Finally, on a spring day a decade and a half after the seven friends bought the land, my husband, our infant daughter and I found ourselves the only permanent residents of the entire 80 acres, living in what suddenly felt like a gatehouse to nowhere.
The land wasn’t easy to love. The locals had warned as much, and for years I hadn’t believed them. But when the place emptied, I started to see it as others did. During the hot, dry, summer that followed, our wide‐open spaces choked with pale weeds, and the juniper trees seemed to crowd in on us. Every rumble of thunder was a reminder that a wildfire could sweep the place bare, taking our uninsured little houses with it. Our bedraggled, neglected gardens suffered from drought, deer, and hordes of grasshoppers.
The cool relief of fall spiralled quickly into winter, which seemed darker, colder, and longer than ever. I stumbled blearily through new‐parent sleep deprivation, telling myself that everything would look better in the spring. In the early days, the extremes of the seasons had seemed just part of the pioneer challenge, annoyances to laugh at and shrug off. But during those dull winter evenings, my sense of humour shrivelled from disuse. When spring arrived, I went to a wedding, a reunion of sorts for the original landowners, and listened to old friends laugh over stories around the fire. Grumpily, I thought, It’s not like that anymore.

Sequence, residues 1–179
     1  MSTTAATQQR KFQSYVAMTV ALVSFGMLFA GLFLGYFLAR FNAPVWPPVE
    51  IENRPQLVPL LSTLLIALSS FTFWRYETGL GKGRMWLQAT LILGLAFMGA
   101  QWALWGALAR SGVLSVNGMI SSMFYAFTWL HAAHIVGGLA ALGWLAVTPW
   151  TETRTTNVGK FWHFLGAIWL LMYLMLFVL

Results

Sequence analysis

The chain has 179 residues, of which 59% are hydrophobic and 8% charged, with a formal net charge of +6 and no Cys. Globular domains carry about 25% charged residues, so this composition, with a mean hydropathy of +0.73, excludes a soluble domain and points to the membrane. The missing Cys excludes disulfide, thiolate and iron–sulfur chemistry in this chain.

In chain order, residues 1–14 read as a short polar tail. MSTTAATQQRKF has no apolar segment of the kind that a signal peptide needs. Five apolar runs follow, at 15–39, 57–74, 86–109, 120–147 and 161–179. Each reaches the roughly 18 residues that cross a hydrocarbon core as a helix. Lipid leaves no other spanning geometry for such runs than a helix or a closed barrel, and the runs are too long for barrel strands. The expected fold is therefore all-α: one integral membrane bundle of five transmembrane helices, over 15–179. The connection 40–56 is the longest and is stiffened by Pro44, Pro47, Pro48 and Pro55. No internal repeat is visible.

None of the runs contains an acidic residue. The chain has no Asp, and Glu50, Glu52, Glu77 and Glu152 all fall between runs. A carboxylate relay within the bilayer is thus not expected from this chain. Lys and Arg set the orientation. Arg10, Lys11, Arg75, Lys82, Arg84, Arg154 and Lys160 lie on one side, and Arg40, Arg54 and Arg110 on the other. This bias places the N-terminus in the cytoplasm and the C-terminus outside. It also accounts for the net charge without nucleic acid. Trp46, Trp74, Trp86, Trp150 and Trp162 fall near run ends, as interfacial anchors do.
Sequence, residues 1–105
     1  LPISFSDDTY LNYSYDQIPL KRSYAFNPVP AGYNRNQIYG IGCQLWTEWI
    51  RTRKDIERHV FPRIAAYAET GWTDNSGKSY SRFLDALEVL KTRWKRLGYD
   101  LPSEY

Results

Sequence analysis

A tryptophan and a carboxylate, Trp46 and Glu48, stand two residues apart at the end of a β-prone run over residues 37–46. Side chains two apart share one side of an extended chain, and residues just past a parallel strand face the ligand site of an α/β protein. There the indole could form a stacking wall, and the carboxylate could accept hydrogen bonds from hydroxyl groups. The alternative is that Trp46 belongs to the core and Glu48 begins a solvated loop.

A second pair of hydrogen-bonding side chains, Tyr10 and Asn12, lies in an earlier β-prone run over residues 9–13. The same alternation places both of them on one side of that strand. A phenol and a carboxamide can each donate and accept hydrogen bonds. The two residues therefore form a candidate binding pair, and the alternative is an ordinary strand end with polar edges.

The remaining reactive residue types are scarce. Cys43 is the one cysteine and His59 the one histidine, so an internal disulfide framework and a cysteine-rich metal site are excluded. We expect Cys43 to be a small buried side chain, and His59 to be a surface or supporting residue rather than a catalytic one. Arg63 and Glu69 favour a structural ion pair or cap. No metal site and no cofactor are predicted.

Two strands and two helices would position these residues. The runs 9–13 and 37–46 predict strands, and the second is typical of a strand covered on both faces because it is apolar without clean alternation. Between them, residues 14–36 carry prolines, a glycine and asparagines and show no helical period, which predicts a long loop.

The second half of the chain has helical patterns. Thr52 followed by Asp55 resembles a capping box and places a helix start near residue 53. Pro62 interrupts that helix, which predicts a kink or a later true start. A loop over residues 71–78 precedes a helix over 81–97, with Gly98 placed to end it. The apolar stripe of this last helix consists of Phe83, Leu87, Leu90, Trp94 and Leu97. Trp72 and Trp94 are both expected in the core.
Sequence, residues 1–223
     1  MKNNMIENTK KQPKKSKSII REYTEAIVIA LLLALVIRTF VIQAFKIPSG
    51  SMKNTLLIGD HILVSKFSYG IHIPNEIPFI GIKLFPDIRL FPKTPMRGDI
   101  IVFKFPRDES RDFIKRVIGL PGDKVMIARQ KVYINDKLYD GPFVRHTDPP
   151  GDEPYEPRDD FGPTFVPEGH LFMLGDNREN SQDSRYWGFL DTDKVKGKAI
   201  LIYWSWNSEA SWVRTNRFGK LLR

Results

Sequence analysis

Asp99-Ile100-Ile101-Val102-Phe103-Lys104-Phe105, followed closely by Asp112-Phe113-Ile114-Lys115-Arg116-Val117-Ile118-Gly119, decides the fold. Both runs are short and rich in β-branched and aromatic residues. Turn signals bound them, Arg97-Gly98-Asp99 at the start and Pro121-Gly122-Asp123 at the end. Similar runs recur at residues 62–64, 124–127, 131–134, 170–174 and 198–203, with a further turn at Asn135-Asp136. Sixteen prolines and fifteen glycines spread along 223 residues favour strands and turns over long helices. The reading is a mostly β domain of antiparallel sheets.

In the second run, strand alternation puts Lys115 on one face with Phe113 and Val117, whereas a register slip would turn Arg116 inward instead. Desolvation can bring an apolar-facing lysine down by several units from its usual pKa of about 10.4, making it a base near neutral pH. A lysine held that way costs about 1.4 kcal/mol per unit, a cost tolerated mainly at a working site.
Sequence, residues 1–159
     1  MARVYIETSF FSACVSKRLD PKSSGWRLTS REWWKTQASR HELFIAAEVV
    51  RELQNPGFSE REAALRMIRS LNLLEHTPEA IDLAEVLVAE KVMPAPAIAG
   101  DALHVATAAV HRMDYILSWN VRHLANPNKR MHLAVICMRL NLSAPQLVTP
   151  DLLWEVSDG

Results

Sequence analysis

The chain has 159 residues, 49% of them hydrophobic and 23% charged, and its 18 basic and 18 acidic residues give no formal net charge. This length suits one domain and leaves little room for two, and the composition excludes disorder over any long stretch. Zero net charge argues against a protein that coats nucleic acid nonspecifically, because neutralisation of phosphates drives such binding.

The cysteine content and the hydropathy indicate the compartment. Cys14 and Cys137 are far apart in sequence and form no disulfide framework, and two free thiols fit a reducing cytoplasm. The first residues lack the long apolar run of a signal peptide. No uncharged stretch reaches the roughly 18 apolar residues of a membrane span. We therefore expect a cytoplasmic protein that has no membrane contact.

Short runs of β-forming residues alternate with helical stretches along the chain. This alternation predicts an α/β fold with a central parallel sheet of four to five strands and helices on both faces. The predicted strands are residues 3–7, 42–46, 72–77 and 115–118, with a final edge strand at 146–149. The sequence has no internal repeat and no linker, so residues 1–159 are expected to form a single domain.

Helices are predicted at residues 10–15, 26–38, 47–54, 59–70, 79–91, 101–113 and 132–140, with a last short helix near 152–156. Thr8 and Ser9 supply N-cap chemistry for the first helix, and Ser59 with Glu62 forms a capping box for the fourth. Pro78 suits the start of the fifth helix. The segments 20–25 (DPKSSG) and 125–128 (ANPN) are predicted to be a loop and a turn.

We were lucky, though, my husband and I. We were healthy, with a roof over our heads and satisfying work, and while the neighbourhood was quieter than we liked, the isolation was no mortal threat. And after a year or so, it began to ease. The son of one of the original landowners moved back to the land, bringing his partner and their two little girls. Two of the landowners returned from teaching jobs in a nearby city. Families and couples came to housesit and rent, exclaiming over the mountain views and keeping us company around the campfires.
Our daughter learned to walk, then run, on the rocky ground, and soon she was climbing our garden walls. The stray vine outside the front door bore a huge orange pumpkin that somehow survived the grasshoppers, deer and ravens.
My husband and I looked around. The place was still beautiful — not as rose‐coloured as it once had been, but beautiful in a stark, familiar way. We chose it again, ghosts and weeds and all, and then again.
But we, too, were testing the limits of the place and ourselves, testing our tolerance for isolation and aridity. Finally, like pavement weakened by too many cycles of heat and frost, our resistance buckled and cracked.
Now I see the mesa as a kind of training ground, a place that prepared us to begin another experiment